I will say that the emotional value of paying off a mortgage is a big deal for those of us that have done it. I cannot speak for those that keep a large mortgage, it was primarily a comfort level decision for us.
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Old 08-05-2008, 07:48 PM   #8
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Old 08-05-2008, 08:34 PM   #9
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For a home, which is a lifestyle choice, most people would be more comfortable without a mortgage going into ER. However, if the mortgage is for a revenue producing property, other things being equal, that's an investment.
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Old 08-05-2008, 09:13 PM   #10
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Thoughts about paying more on mortgage vs. investing, in no particular order:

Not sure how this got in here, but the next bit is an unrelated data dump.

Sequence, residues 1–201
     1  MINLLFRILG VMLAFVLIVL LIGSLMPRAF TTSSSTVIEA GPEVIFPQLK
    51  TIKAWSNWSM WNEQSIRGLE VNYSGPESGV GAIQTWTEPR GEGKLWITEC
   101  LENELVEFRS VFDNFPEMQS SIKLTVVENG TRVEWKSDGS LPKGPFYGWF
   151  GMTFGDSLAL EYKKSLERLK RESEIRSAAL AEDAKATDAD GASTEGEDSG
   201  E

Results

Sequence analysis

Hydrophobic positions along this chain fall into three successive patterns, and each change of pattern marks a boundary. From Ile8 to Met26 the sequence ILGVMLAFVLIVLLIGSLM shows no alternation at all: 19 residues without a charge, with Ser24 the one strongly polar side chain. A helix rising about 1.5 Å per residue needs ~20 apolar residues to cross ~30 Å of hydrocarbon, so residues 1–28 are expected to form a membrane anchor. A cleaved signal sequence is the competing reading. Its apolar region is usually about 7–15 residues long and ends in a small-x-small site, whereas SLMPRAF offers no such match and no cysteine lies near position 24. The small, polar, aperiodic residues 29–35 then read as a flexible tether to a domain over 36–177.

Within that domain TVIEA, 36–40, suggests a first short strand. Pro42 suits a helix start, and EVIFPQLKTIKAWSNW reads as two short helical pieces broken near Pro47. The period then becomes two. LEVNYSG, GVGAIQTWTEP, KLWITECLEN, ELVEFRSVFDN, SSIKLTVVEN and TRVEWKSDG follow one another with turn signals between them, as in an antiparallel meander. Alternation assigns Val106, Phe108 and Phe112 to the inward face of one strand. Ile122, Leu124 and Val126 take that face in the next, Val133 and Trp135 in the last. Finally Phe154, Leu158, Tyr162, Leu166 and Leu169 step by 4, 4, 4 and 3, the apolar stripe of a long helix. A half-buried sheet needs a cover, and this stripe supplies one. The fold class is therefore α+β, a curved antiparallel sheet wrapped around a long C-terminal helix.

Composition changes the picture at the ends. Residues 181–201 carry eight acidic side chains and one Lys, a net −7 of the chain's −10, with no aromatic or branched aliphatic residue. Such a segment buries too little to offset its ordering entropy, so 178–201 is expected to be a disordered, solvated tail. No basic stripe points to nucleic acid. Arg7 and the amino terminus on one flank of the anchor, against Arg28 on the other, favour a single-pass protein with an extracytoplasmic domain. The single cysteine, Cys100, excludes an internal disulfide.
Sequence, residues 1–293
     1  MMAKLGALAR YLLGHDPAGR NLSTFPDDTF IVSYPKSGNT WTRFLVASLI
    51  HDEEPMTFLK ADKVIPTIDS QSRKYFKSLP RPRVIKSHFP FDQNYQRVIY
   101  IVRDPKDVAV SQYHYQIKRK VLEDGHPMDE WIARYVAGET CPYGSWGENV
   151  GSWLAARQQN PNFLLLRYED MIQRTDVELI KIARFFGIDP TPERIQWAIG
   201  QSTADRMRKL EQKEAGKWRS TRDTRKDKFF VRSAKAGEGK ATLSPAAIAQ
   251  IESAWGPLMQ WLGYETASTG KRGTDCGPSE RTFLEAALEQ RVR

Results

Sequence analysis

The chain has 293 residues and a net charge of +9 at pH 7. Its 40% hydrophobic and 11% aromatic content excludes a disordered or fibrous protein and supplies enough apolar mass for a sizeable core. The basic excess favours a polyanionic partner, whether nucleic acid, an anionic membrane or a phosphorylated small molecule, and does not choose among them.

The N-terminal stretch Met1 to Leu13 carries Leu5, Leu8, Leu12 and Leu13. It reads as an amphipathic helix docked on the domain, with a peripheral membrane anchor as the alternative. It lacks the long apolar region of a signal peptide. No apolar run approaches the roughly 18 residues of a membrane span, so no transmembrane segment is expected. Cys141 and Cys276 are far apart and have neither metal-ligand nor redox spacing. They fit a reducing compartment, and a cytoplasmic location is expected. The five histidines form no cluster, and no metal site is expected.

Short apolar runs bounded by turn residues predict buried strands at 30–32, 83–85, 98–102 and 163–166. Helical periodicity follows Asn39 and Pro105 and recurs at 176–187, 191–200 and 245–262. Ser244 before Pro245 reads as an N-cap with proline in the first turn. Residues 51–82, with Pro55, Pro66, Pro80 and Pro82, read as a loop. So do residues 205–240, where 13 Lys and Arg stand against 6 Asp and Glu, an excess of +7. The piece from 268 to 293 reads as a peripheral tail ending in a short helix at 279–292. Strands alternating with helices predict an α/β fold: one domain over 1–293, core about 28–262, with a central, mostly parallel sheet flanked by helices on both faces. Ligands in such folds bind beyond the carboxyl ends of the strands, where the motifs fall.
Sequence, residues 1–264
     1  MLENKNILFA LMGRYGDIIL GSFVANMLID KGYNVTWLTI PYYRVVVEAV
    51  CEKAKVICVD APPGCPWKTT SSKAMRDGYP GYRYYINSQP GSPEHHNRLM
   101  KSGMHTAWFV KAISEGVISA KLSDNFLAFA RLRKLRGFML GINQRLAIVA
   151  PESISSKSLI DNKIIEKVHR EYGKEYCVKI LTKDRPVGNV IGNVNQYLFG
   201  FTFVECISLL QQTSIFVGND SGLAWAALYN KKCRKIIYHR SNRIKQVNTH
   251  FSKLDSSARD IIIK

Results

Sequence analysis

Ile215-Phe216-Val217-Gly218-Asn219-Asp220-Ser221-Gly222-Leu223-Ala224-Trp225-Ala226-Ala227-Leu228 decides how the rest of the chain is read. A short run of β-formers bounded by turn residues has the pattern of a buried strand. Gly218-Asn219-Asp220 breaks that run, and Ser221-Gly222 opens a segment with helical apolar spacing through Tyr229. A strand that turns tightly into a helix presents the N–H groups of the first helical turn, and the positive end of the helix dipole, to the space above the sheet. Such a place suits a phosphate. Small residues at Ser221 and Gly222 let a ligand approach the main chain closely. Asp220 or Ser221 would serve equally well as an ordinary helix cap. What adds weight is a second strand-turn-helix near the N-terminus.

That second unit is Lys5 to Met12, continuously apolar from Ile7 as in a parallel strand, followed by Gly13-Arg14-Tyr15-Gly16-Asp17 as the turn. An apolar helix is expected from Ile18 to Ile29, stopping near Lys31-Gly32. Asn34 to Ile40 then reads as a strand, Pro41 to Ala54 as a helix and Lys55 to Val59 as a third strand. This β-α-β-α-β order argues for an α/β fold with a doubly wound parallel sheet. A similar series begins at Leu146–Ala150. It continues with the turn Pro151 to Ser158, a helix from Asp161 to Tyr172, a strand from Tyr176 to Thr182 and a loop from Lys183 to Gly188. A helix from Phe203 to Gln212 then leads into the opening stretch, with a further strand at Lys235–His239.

The mortgage is basically a negative callable LT nominal bond. You're borrowing money at a fixed rate of interest [hopefully fairly low], which you can pay back when you please.

As jIMOH said, I'd at least do the following before paying off the mortgage:

1) get any company match on 401k/403b
2) max out deductible savings plans [401k/403b, deductible IRA] and Roth IRA

Even if you only invest the money in bonds, you'll still probably come out ahead, especially if you can deduct the mortgage interest.

As far as what to do next [taxable acct or pay down mortgage], don't forget that the paying down the mortgage is much safer/less risky return than say investing in stocks. So, it roughly equivalent to buying say GNMA bonds or other mortgage backed securities. For me, I'd get a higher after tax return by paying down the mortgage than investing in those bonds in a taxable account.